Fisheries scientists led by Professor Gardner used computer simulations to compare different management scenarios for recovering rock lobster stocks, and found that the simplest scenario – reducing and capping the lobster catch – was also the most effective and economical.

In response, the Tasmanian Government introduced a catch limit in 2013 to cut the rock lobster harvest by about two-thirds in the long-spined urchin-infested parts of eastern Tasmania. This now involves cuts to commercial quota and the recreational bag limits and season.

Under this rebuilding strategy, lobster stocks are expected to reach 20 percent of their natural (or unfished) level by 2023. The stock of large lobsters – the most effective urchin predators – will increase by about 400 percent at this point from levels in 2013. The lobster biomass is assessed each year, and so far, the recovery is on track.

Hope on the horizon

In 2015, a second strategy based on IMAS research kicked off, which involved moving lobsters from areas where they were abundant off south-western Tasmania to the urchin-affected areas on the east coast. Between 30,000 and 50,000 lobsters are now moved each year, which is accelerating the stock recovery.

Research at IMAS has also been used for direct removal of urchins by divers, which is helping in shallower depths. In 2016, the government launched a subsidy of urchin harvesting, which now supports a developing urchin roe industry of over 100 tonnes.

Professor Gardner says that, while most of the effort to date has been towards preventing barrens forming, separate strategies are needed for the recovery of barrens once they’ve formed.

This will be a challenge, because only a small number of urchins are required to maintain barrens once they form. IMAS is exploring strategies such as culling urchins in barrens, either by divers or with AUVs (autonomous underwater vehicles), as well as alternate uses of urchins harvested from barrens, such as special fertiliser applications.

Professor Johnson says the involvement of the fishing industry in the research was vital to its success and extension to fishery management.

“We had real help from both the rock lobster fishing industry and the abalone industry,” he says. “Without that help, it just wouldn’t have worked.”

Over the course of the study, it was the rock lobster industry that provided several tonnes of large lobsters to be dropped into experimental sites to boost the population. Abalone divers also assisted, testing whether localised removal of long-spined urchins was an effective control.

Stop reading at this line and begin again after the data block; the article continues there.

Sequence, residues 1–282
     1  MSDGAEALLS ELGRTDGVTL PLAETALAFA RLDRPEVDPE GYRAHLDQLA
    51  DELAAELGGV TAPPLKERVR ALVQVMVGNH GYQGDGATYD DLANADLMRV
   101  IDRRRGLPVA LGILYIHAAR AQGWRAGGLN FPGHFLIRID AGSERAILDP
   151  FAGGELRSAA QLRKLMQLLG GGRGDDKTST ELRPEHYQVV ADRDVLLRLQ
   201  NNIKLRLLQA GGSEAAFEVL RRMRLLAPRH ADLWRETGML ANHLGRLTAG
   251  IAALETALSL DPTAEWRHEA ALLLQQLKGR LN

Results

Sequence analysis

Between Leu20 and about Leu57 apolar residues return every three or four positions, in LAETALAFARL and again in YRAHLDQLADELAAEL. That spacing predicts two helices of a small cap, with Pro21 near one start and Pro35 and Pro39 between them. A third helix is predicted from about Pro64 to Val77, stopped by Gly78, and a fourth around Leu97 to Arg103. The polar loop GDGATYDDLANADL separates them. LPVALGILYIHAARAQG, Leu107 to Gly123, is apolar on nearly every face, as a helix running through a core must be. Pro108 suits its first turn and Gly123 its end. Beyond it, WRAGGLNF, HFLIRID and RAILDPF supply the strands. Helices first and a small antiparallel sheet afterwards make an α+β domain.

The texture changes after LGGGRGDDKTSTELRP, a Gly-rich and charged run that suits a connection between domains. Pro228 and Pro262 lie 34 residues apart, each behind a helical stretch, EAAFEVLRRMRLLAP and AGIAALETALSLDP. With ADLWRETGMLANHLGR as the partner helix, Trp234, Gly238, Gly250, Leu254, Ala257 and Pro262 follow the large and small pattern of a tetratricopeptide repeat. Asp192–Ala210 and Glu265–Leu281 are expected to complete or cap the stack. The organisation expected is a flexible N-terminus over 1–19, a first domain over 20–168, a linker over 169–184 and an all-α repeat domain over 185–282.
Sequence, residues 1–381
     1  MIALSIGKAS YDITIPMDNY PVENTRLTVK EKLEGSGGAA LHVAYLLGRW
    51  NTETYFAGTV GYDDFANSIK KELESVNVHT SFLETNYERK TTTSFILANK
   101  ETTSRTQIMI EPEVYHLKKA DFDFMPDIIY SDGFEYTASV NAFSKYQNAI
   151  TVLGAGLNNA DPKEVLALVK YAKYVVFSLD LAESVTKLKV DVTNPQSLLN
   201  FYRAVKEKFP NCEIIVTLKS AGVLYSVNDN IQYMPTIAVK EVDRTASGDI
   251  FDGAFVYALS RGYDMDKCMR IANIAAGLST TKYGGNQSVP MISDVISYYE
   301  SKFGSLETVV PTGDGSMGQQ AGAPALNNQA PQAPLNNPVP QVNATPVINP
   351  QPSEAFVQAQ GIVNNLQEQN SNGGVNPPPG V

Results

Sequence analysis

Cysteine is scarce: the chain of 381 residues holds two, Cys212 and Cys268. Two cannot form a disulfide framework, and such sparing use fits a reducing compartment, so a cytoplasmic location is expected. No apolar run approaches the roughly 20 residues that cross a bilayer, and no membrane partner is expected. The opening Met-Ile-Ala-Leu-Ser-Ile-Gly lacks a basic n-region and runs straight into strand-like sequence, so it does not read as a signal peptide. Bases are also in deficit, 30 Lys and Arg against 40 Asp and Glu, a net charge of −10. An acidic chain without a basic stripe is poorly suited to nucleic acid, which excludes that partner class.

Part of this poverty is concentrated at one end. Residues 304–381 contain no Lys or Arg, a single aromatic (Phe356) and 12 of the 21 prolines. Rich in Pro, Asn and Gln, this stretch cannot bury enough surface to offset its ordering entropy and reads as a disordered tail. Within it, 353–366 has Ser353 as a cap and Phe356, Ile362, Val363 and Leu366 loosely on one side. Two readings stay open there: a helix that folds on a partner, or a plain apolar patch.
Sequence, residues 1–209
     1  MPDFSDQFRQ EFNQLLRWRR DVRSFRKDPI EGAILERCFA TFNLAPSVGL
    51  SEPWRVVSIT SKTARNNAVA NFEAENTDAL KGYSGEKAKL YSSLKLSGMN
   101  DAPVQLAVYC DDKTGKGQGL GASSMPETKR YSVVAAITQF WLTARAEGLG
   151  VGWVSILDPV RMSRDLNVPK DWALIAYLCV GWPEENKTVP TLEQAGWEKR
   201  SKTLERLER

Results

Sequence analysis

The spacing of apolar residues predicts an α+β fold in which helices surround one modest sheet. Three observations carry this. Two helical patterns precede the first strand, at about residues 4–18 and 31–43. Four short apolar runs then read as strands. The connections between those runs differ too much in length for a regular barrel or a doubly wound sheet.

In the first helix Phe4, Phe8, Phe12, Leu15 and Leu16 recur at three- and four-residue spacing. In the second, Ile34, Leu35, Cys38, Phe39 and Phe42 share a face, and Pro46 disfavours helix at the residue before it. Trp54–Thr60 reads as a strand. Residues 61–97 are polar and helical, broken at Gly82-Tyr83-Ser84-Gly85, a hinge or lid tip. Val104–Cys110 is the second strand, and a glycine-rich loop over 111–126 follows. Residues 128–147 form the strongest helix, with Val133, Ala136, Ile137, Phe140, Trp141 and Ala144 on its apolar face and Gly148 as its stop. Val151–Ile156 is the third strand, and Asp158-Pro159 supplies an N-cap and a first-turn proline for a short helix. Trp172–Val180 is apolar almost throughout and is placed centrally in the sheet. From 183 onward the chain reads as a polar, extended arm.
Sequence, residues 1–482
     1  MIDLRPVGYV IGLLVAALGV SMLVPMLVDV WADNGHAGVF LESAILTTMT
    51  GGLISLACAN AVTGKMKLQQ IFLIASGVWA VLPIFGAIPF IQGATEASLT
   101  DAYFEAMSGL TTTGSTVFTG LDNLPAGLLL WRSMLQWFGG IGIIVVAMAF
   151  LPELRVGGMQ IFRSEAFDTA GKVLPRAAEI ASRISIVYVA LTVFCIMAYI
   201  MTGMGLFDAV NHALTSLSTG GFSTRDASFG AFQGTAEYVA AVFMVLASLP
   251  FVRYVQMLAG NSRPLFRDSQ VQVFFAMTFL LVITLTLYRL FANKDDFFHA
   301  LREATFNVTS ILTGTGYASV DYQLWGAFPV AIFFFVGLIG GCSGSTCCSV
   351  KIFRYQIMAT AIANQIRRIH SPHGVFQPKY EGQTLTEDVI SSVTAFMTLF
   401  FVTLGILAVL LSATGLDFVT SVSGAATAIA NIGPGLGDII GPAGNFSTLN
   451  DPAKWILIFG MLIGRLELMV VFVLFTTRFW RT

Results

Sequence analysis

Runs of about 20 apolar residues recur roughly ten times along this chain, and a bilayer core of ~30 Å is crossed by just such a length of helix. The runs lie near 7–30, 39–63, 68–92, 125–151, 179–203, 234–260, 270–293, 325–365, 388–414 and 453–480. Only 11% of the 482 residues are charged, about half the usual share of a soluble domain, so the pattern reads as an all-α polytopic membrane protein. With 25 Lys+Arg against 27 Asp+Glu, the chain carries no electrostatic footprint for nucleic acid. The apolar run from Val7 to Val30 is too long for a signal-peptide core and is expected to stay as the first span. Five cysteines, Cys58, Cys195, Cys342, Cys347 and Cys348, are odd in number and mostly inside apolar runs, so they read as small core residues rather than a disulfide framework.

Professors Johnson and Gardner both agree that the dialogue and collaboration with commercial and recreational fishers will continue. Professor Gardner’s team at IMAS has resurveyed the urchin barrens that Professor Johnson first surveyed in 2000, with a report due for publication in 2018.

According to Professor Johnson, there is cause for optimism, looking into the future.

“We know that lobster populations have been picking up, which is great,” he says.

“But whether they’re picking up fast enough to really put out the fire in areas where there were incipient barrens is an issue that we’ll need to continue to monitor.”

5 key facts:

  • Long-spined urchins had the potential to turn up to 50% of Tasmania’s productive rocky reefs into urchin barrens.
  • Rock lobster stocks in the parts of eastern Tasmania affected by urchins were at 10% of their natural levels in 2011–2012.
  • In 2013, the Tasmanian Government introduced a catch limit on lobsters, which reduced the catch by two-thirds.
  • Stock recovery is a long-term operation, but an interim target has been set to restore stocks to at least 20% of natural levels by 2023, with greater gains beyond that.
  • Additional actions to combat urchins include translocation of 30,000–50,000 lobsters into the area each year since 2015, and subsidised harvesting of urchin for their roe since 2016.

About the researchers

Professor Craig Johnson

Professor Craig Johnson is Head of the Ecology & Biodiversity Centre at the Institute for Marine & Antarctic Studies (IMAS), and Associate Director of IMAS. He is a marine community ecologist interested in identifying the drivers of marine community dynamics, and how to interpret change in marine communities. He works mostly with shallow reef systems, but current work also includes the Southern Ocean. His work is evenly divided between field programs and computer modelling, and across animals and seaweeds. He leads a productive group of postdoctoral fellows and graduate students.

Professor Caleb Gardner

Professor Caleb Gardner is a Fisheries Scientist and Acting Director of Sustainable Marine Research. His research is mainly on high value invertebrate fisheries such as southern rock lobster and abalone. He has qualifications in both economics and biology, which interact in his research on commercial fisheries. His research on wild fisheries species generally have the objective of ensuring sustainable production and community benefit from Australia's fisheries. This has included the increased use of bioeconomic models in coastal fisheries for setting catches and assessing other regulations.